Paramedic Josie Barrett, who was one of the first responders in the heavily damaged Lake Mack area, described the intense situation she encountered as "dark, rainy and bloody." She was operating a QRV soon after the tornado struck, and as she dodged debris, an elderly couple emerged from the wreckage of trees looking for help. Barrett characterized them, and many of the victims she encountered in the early hours after the storm, as "zombies" walking around in a daze. Other crew members had similar experiences and worked through the challenges of providing aid while maneuvering around leaking propane tanks, frightened pets, fallen limbs and other physical obstacles. Crews often found themselves assisting residents who would walk up to them on the site of a call requesting help for their families, neighbors and friends.
Crew members also assisted with the difficult task of rescue and recovery and were, in some cases, called upon to remove the bodies of the deceased and comfort the loved ones of those who perished. In Lake County, Lake County Fire Rescue had the primary role of search and recovery, assisted by several municipal fire departments and resources from Orange and Seminole counties. In Sumter County, the task was performed by The Villages Fire Rescue Department, with assistance from Marion County Fire-Rescue. There were many stories of individual acts of heroism during the first hours of the response that are testaments to the quality of emergency personnel serving these Central Florida communities.
EMS, fire and law enforcement faced the challenge of establishing and managing multiple simultaneous commands in infrastructure-damaged environments. Lake-Sumter EMS lost a critical communications tower in the Lake Mack area. Electricity and phone lines were also down, and cell phones were overloaded to the point of failure. As the morning progressed, unified commands were established with fire and law enforcement at The Villages, Lady Lake and Lake Mack. The Lake-Sumter EMS Operations Center was established, and Lake-Sumter EMS representatives staffed health and medical positions at both the Lake and Sumter emergency operations centers.
Lake-Sumter EMS, in conjunction with the local and state emergency management planning process, utilizes an all-hazards approach to disaster planning. Disaster plans include many potential multi-casualty, high-patient-volume incidents such as hurricanes, train derailments with hazardous materials, wildfires, transportation incidents and, of course, tornadoes.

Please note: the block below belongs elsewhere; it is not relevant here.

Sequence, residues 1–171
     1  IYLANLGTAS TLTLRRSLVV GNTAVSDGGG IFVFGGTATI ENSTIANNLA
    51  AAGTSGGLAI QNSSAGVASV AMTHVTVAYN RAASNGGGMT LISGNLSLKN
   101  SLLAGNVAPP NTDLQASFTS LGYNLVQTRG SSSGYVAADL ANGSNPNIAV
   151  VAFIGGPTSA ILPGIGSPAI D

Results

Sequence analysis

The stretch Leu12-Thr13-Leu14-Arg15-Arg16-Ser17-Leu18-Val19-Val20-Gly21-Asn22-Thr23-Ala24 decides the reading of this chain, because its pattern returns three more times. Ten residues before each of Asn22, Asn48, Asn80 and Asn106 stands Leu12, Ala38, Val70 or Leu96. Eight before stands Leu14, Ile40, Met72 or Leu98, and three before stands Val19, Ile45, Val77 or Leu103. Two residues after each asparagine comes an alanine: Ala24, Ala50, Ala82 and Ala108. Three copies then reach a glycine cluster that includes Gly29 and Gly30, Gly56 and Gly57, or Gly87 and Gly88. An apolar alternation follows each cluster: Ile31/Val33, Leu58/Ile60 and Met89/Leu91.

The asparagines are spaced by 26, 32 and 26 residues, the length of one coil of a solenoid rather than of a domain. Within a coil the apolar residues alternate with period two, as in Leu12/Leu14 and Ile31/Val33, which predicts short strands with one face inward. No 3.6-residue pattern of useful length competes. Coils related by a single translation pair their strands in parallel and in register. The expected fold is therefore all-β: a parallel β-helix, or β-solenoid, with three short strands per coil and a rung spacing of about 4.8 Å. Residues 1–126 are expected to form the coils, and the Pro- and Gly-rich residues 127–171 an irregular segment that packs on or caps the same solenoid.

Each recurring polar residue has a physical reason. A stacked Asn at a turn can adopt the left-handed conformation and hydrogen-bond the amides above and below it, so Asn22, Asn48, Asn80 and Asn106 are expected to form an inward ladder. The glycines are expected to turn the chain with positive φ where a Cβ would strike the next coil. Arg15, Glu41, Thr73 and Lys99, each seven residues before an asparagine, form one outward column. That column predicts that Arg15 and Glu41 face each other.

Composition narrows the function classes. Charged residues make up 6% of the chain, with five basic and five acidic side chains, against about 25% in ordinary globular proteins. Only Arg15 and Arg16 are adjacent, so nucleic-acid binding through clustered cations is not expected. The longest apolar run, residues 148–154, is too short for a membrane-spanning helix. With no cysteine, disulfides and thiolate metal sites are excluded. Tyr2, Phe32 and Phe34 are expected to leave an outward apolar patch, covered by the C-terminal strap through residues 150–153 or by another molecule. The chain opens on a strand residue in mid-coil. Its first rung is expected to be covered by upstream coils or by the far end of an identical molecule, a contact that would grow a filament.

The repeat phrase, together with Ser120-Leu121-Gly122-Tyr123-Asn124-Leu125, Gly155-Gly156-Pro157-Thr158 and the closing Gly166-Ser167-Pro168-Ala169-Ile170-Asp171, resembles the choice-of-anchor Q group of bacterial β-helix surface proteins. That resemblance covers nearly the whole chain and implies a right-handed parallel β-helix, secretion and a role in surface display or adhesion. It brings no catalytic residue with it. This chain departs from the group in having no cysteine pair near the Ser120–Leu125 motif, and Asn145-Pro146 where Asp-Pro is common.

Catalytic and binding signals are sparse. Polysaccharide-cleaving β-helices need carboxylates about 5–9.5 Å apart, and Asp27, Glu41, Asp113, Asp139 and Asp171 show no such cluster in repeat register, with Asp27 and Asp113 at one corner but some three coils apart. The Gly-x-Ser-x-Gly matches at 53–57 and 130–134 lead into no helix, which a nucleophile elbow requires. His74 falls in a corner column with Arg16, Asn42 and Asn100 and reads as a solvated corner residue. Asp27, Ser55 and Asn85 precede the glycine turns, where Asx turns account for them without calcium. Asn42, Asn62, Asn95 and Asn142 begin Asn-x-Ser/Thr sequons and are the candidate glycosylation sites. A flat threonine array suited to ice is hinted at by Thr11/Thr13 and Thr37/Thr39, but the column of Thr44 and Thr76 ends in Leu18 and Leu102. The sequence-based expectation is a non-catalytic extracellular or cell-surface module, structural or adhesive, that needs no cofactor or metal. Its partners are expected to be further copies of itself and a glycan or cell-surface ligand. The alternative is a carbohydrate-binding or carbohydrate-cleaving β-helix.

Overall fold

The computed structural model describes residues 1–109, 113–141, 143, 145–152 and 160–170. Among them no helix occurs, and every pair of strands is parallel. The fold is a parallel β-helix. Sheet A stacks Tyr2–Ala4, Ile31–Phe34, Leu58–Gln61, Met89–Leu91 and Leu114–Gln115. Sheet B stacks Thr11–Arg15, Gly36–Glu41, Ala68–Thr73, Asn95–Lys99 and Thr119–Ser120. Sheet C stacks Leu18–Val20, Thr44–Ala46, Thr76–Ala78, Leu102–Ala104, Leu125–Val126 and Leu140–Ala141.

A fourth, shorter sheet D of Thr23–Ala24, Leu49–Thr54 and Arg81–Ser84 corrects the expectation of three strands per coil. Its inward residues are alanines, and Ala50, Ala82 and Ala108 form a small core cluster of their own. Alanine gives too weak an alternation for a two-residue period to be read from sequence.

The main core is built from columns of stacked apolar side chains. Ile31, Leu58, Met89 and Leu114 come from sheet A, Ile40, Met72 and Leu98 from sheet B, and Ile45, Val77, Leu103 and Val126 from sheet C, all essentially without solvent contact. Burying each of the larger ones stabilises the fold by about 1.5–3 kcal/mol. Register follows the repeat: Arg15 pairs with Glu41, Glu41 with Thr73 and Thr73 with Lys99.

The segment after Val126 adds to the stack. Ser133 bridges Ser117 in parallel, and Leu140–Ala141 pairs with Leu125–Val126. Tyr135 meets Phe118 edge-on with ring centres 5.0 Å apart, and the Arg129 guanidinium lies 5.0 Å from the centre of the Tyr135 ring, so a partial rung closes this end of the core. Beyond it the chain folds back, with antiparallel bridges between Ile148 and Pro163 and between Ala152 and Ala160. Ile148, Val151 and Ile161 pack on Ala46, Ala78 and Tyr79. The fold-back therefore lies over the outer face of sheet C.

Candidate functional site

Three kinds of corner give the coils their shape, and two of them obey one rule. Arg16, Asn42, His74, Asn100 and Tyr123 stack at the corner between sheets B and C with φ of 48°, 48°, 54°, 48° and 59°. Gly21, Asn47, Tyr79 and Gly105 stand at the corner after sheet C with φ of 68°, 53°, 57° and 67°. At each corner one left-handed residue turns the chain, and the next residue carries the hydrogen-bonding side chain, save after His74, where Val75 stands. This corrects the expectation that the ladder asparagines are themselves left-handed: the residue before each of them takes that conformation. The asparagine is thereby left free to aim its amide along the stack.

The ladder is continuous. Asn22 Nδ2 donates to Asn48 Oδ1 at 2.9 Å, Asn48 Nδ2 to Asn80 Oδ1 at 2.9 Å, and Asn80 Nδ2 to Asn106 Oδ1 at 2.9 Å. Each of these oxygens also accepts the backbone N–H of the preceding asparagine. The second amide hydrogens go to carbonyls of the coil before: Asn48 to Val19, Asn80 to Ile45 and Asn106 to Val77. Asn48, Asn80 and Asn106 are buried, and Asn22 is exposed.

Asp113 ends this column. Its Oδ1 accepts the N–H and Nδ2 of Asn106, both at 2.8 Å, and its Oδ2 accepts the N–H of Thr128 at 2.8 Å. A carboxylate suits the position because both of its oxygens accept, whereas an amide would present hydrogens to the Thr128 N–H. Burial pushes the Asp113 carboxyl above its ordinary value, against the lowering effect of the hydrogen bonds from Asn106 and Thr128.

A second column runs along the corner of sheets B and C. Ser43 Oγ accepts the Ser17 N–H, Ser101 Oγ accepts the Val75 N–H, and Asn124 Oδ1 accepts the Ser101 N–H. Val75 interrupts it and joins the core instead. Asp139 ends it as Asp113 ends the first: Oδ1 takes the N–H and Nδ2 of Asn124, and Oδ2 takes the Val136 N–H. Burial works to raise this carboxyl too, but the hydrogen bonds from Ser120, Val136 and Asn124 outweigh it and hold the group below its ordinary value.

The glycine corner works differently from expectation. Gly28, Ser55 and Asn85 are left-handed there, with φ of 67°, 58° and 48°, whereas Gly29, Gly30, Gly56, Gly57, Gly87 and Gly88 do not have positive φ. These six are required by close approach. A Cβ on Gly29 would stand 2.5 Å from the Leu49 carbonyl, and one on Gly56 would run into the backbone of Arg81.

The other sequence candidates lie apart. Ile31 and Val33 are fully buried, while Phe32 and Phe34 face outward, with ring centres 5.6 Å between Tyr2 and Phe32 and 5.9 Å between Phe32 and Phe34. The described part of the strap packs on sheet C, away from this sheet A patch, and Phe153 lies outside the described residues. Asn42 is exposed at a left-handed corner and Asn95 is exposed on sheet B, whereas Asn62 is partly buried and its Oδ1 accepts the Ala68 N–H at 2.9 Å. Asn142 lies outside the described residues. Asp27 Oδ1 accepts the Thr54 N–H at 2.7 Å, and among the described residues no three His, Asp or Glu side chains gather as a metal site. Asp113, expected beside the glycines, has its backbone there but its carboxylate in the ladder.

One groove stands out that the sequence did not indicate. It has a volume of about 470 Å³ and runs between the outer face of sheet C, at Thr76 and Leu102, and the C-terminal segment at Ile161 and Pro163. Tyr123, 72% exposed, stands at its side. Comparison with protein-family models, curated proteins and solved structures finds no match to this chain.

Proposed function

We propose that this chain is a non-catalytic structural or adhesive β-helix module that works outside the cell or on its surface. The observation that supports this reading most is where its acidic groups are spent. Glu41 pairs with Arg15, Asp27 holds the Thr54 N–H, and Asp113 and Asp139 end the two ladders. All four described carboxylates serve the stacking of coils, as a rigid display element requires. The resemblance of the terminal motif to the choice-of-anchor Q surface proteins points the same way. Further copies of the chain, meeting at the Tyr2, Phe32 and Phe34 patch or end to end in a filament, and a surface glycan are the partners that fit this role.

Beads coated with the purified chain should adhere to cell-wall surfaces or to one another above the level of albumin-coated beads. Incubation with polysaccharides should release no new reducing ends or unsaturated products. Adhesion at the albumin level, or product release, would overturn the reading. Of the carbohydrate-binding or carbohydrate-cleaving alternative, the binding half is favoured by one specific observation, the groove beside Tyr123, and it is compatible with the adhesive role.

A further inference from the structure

Disaster planning and both tabletop and full-scale MCI exercises are conducted annually at the local and regional levels through local emergency planning councils. The Lake-Sumter EMS multi-casualty incident plan is an annex to both counties' comprehensive emergency management plan. In addition, Lake-Sumter EMS was a partner in the development of both the state and regional catastrophic health incident response plans.
Local response would not have been as effective had it not been for a range of mutual aid provided by neighboring counties. Ambulances from Marion County's Emergency Medical Services Alliance (EMSA) responded to calls in The Villages and Lady Lake from a large staging area in The Villages; Orange County Fire Rescue staffed stations in southern Lake County; and an urban search and rescue team from Marion County searched demolished homes and facilities in The Villages. Mutual aid resources were utilized both to respond to impacted areas and to support normal operations. The Lake-Sumter EMS Communications Center received many calls from dispatch centers around the state offering assistance. The unified command system was utilized and worked extremely well.
The recovery process began almost immediately after the tornadoes passed. Florida Governor Charlie Crist quickly issued proclamations declaring the affected counties disaster areas. President George W. Bush followed with a disaster declaration speeding federal assistance.
In cooperation with the Lake and Sumter county emergency management agencies, FEMA established multiple disaster recovery centers (DRCs) close to the impacted communities. The DRCs provided much-needed information on local, state and federal assistance available to victims. The American Red Cross opened mass-care shelters and deployed mobile emergency response vehicles. The Salvation Army and other faith-based groups established feeding stations.
The counties were blessed with an outpouring of volunteers from both local communities and across the country. Nearly 700 volunteers descended on the region; many were from AmeriCorps, the American Red Cross and faith-based groups. These volunteers provided food, comfort, cleanup and other humanitarian assistance to those impacted by the tornadoes.